Potential Contributors: Autumn Jorgensen (9.885), Madison McBride (9.865), Karen Gonzalez (9.845), Molly Jozwiakowski (9.835), Madison Loomis (9.645), Megan McBride, Hannah Nipp, Shylen Murakami, Karley McClain
Overall, Southern Utah is poised for a rebound season. With a stellar class of freshmen and Gonzalez returning for a fifth year, the Thunderbirds could shake things up in the MRGC in 2019.
No. 37 Utah State Aggies
Hovering around the top 36 for the past five seasons, Utah State narrowly missed regionals in 2018, ending the season at No. 37 in head coach Amy Smith’s first season. With few losses, will the Aggies find themselves a spot in the newly redesigned regionals in 2019?
|Lost||Jazmyn Estrella (transfer to Temple), Keri Peel|
|Gained||Carley Bayles, Caitlin Gray, Maddie Straker, Glory Yoakum, Bonnie Ziegenfielder|
|Returning from Injury||Logan Nugent (leg injury)|
The Aggies retain all six regular vaulters from 2018. With the addition of freshmen to the mix, they’re poised to be a stronger vault squad in 2019. Of the freshmen, Canadian Maddie Straker is the strongest, boasting three different vaults: a front handspring tuck, the typical Yurchenko full and a front handspring pike half. Caitlin Gray, Grace Rojas and Glory Yoakum will be in the mix as well, all performing solid fulls. They’ll be competing with the lower scoring returners like Autumn DeHarde and MaKayla Bullitt.
Potential Contributors: Mikaela Meyer (9.840), Madison Ward (9.840), Faith Leary (9.790), Elle Golison (9.745),, Autumn DeHarde (9.720), MaKayla Bullitt (9.670), Leighton Varnadore, Maddie Straker, Grace Rojas, Caitlin Gray, Glory Yoakum
An inconsistent event for the Aggies in 2018, the team will rely on its young roster gaining experience and its influx of freshmen on the event. Rojas is pristine on bars, featuring pretty lines, clean form and a unique composition that includes a toe-on to Maloney to bail handstand, as well as a double layout. Straker is also solid on the event where she brings a unique skill of her own in a toe-on pike half dismount. Yoakum’s Li Ya (straddled Jaeger to half turn catch in mixed grip) should make her a showstopper on bars while Gray is another possible contributor.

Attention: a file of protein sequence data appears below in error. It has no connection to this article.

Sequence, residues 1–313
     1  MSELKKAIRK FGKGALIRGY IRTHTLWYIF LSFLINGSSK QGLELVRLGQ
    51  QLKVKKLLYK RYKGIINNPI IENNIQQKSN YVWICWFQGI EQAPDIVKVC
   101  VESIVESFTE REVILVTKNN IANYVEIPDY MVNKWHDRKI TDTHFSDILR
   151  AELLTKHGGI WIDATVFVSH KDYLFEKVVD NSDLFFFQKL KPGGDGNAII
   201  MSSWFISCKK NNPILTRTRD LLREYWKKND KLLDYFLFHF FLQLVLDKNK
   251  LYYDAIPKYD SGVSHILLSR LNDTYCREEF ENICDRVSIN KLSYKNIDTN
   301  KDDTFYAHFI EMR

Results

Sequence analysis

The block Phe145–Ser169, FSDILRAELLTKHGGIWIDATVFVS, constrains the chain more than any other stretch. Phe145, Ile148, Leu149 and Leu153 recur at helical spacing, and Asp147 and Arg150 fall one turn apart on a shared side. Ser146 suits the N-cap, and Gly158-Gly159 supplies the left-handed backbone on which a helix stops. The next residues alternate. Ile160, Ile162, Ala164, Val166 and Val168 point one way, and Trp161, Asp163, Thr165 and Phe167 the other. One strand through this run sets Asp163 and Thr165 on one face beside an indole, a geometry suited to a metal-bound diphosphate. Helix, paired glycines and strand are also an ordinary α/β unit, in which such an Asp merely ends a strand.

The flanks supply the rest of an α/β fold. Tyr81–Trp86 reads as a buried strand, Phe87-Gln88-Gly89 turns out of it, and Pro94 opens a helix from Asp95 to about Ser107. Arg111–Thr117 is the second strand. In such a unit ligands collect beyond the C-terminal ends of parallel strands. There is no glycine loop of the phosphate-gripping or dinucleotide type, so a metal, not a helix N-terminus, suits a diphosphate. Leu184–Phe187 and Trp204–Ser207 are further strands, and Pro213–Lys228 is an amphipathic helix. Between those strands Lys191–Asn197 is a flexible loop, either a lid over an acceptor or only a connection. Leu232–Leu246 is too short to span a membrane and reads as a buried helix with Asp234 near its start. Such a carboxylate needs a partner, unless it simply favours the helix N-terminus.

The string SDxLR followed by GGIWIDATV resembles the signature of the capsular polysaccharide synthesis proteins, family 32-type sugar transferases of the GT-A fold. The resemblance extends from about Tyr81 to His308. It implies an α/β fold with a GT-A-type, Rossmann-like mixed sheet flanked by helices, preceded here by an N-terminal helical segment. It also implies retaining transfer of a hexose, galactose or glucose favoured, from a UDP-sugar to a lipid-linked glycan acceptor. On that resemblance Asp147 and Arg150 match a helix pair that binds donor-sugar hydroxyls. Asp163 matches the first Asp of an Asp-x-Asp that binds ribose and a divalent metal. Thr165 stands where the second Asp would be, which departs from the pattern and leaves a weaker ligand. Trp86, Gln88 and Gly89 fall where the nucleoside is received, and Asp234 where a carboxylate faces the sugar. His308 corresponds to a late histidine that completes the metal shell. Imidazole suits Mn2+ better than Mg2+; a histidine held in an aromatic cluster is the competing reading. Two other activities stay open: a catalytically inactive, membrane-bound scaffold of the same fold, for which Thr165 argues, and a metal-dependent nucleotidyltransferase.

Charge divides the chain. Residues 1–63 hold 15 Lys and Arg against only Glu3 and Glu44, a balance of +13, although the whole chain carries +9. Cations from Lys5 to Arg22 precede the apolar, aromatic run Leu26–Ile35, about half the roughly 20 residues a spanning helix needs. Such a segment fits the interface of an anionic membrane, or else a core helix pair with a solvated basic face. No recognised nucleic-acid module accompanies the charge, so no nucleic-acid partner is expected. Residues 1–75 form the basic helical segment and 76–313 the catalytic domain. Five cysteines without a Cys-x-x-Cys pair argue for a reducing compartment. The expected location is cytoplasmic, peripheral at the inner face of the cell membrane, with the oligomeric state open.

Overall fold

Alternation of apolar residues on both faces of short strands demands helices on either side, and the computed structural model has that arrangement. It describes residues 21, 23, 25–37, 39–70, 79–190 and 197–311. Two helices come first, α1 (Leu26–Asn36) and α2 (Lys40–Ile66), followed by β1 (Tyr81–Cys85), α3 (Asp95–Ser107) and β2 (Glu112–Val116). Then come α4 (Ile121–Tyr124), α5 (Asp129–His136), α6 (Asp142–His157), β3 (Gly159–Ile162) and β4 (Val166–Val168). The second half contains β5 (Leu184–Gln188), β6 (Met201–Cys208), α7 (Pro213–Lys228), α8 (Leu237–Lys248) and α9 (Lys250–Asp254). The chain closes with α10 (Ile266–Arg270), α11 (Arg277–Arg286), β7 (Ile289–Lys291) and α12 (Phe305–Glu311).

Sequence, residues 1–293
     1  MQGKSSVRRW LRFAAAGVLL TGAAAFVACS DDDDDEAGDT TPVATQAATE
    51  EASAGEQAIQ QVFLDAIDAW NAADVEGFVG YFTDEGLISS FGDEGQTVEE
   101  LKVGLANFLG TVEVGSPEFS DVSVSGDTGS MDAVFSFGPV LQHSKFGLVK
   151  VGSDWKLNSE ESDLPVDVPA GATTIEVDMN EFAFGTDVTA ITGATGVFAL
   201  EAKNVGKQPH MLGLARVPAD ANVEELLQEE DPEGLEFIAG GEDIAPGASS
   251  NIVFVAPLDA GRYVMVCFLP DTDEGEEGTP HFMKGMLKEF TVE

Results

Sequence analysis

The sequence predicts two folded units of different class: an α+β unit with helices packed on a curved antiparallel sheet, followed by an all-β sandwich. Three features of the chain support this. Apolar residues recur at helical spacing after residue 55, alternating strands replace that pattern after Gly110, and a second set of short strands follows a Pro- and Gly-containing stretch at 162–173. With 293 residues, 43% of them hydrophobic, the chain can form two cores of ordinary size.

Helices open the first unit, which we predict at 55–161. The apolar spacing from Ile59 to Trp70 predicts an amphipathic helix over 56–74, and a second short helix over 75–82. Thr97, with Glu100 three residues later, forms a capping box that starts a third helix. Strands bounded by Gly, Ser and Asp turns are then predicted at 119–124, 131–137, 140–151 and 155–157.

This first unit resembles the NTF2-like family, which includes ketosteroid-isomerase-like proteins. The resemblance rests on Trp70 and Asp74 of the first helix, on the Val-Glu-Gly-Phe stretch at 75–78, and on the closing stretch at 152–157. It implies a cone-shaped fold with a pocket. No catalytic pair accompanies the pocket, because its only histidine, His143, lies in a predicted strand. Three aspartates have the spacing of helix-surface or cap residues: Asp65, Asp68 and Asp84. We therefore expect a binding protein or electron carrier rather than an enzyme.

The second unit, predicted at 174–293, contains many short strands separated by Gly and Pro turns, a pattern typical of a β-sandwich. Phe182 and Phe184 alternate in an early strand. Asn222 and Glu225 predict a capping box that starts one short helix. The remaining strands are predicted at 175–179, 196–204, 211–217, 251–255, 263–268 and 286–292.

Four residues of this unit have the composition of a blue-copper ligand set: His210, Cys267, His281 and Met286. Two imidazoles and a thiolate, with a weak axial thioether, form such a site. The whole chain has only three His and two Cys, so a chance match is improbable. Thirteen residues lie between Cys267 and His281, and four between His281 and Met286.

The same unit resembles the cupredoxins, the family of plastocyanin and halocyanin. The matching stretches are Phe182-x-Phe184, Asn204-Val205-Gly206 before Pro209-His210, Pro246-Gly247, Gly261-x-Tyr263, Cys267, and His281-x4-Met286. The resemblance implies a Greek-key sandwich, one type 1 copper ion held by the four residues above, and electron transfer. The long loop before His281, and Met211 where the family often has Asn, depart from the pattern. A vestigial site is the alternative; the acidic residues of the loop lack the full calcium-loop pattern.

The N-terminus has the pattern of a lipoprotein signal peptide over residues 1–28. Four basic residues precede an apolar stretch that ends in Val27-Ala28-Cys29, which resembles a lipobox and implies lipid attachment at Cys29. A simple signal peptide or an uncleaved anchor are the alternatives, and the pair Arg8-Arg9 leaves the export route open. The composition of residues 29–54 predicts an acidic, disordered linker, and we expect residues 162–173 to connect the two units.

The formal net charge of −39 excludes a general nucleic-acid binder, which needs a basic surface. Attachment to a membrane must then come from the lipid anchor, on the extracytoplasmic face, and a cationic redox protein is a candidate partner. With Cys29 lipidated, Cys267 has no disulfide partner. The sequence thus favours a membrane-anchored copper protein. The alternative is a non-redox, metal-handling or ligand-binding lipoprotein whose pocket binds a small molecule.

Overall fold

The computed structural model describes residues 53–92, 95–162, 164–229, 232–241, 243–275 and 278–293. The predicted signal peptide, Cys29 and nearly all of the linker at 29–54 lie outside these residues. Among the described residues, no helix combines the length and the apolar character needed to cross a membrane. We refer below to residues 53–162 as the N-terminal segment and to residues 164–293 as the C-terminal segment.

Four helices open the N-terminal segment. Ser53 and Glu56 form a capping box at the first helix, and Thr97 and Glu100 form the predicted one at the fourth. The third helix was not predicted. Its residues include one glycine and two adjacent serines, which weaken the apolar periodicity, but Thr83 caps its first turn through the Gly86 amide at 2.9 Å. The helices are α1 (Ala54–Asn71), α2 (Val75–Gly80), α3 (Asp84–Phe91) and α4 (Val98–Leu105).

Potential Contributors: Brittany Jeppesen (9.810), Madison Ward (9.805), Leighton Varnadore (9.765), MaKayla Bullitt (9.765), Mikaela Meyer (9.535), Annie Beck, Logan Varnadore, Grace Rojas, Maddie Straker, Glory Yoakum, Caitlin Gray
A strength for Utah State in 2018—the team qualified two gymnasts to regionals on the event in DeHarde and Emily Briones—the Aggies return six consistent competitors in 2019. The freshmen won’t disappoint on beam either, so the Aggies will have depth to play with to create the strongest and most consistent lineup. Straker will lead the way with a variety of unique skills from her elite routine, Yoakum brings a solid college-esque routine to the table, as does Rojas. Carley Bayles is most likely to contribute, with a secure routine that features an L turn.
Potential Contributors: Autumn DeHarde (9.875), Emily Briones (9.845), Taylor Dittmar (9.830), Leighton Varnadore (9.810), Elle Golison (9.765), Annie Beck (9.620), Madison Ward, McKinley Pavicic, Maddie Straker, Glory Yoakum, Grace Rojas, Carley Bayles
The team returns all of its consistent floor competitors, helping to continue its success on the event from 2018. The Aggies will appreciate Straker’s double layout, which should make her a lineup staple. Yoakum has a clean routine featuring a full-twisting double tuck, and Rojas is known for her cleanliness and could factor in if the team needs a consistent competitor in both hit percentage and score. It will be a tough lineup for the newcomers to break into, but if anyone can do it it’s Straker and Yoakum. They’ll likely be gunning for the lower-scoring returners’ spots, such as Elle Golison and Mikaela Meyer.
Potential Contributors: Madison Ward (9.890), Autumn DeHarde (9.880), Faith Leary (9.865), Leighton Varnadore (9.780), Emily Briones (9.770), Elle Golison (9.760), Mikaela Meyer (9.745), Maddie Straker, Grace Rojas, Glory Yoakum
As a young team losing relatively few routines from 2018, the Aggies are poised to improve on 2018’s results. With the new regionals format, the team will have to work hard to ensure it makes it to regionals in 2019 and even harder to ensure it won’t be competing in a play-in position.
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Article by Caroline Medley and Tara Graeve